Here, you bid adieu to the human settlements and walk through the forests following a serpentine path. The trail is an easy one for most of the route but what gives you the momentum are the stunning views of the doon valley below. And it gets better and better as you go up.

Sura hill (with the thick Sal trees covering it) looks distinctly from here. There’s an interesting trail through the forests of Sura Devi and an easy one to do. You may want to check out my dedicated post on this trail here.

Just before you arrive at Jharipani, you see a dilapidated building on your left. A signage reads “Half-Way House”. In earlier times, this was a thriving restaurant where one would stop to have tea | food and perhaps to rest a little before continuing ahead. As the name says this was roughly half-way between Rajpur village and Mussoorie.

Stretch 4: – Jharipani to Barlowganj (Walk | Easy Gradient | 2.2 kms)

From this point onwards, you pretty much walk along-side the main road i.e. Dehradun – Jharipani – Barlowganj – Mussoorie road. The views will get stunning as ‘Queen of Hills’ will look closer to you. However, on this hike, I saw it being shrouded in a heavy mist and some of the trees (Oaks may be) stood out like ghostly sentinels.

I usually take a break at Barlowganj, at a tea shack just opposite St. George’s School. Barlowganj’s weather is quite like Mussoorie’s, so I spend some time to enjoy the fresh air and cool breeze and to be ready for the remaining hike.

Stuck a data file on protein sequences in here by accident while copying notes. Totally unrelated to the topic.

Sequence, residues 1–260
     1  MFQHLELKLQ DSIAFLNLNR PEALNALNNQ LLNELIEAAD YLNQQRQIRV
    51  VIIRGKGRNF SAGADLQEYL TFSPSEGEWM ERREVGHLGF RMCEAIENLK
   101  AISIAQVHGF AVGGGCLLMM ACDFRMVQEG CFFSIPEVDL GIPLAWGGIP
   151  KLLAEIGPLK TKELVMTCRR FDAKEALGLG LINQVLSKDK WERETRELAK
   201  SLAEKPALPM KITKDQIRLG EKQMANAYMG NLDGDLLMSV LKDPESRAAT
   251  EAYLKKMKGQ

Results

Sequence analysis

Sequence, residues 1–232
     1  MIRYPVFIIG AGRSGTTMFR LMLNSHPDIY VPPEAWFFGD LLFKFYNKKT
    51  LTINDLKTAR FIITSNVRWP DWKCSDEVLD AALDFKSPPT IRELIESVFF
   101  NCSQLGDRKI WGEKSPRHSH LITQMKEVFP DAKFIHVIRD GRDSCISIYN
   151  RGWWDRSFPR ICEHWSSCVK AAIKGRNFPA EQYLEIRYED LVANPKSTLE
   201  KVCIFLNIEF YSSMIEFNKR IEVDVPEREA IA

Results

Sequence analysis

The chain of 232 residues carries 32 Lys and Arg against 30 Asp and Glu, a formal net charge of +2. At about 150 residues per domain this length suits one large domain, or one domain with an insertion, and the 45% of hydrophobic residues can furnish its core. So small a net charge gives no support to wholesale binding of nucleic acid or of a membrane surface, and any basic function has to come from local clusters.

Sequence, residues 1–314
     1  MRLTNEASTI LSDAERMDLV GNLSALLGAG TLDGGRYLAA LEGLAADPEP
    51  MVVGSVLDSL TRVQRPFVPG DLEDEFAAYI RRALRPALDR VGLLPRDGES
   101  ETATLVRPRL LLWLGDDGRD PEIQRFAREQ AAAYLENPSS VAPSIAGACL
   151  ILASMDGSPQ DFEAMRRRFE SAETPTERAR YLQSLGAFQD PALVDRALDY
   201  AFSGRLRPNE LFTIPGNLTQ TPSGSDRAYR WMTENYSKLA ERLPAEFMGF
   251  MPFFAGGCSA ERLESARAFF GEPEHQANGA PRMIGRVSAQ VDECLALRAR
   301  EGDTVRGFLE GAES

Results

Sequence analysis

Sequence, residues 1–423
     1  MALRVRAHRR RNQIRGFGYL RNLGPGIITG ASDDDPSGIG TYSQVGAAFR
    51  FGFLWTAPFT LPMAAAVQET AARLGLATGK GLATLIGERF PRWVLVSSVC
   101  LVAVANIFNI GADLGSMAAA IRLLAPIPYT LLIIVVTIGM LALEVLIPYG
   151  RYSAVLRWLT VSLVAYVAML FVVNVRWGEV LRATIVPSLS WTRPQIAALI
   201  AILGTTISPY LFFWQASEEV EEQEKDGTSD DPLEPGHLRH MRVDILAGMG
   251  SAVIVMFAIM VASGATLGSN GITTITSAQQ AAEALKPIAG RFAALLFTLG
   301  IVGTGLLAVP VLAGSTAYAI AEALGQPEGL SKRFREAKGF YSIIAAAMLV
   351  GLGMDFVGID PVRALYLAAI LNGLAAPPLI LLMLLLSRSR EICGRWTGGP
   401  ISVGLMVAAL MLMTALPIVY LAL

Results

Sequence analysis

Stretch 5: – Barlowganj to Picture Palace (Mussoorie) (Walk | Moderate Gradient | 2.3 kms)

While you trudge along the main road, the 1st part of this stretch is slightly steep but doable. You get nearer to Mussoorie with every passing step. 1 kilometre of walk gets you to Mussoorie – Chamba Road and you need to cross this and take the path that goes north (along Wynberg Allen school’s premises).

One needs to continue walking straight and eventually you will arrive at Picture Palace (one end of Mussoorie’s Mall Road).

Stretch 6: – Picture Palace – Library Chowk | Mall Road (Walk | Easy Gradient | 2.0 kms)

This is a fairly easy walk and almost flat. Mall road is the most happening area of Mussoorie (for the tourists) and as far as your eyes can see, its only humans that you will encounter.

The hike came to an end at Library chowk.

What next? What are the options

  • One can decide to walk back to Dehradun; however, the to-and-fro walk must be timed well, and one needs to start early from Dehradun to be back before sunset.
  • Take a motor transport to ferry you back to Dehradun

As it was a fine afternoon with mist playing mischief with the hill station, I decided to soak in some more of this experience and took shelter at a nice (budget) hostel named ArtBuzz.

I woke up the next day to a sunny morning. The views of the Doon valley were breathtaking and I could clearly map the path I took the day before. I took the first bus from Mussoorie (leaves the Bus Station at Library chowk at 7 AM , ticket fare Rs. 65/-) and arrived in Dehradun an hour later. Back to my usual routine.

Hope you enjoyed reading the post.


  1. Refreshing pictures! Your blogpost brings back memories from my visit to Dehradun-Mussoorie. I had walked extensively in Mussoorie, though I’m sure it looks/feels amazing in monsoons (I was there in winter). Maybe I’ll try and take this hike that you’ve journaled so well 🙂

    Liked by 1 person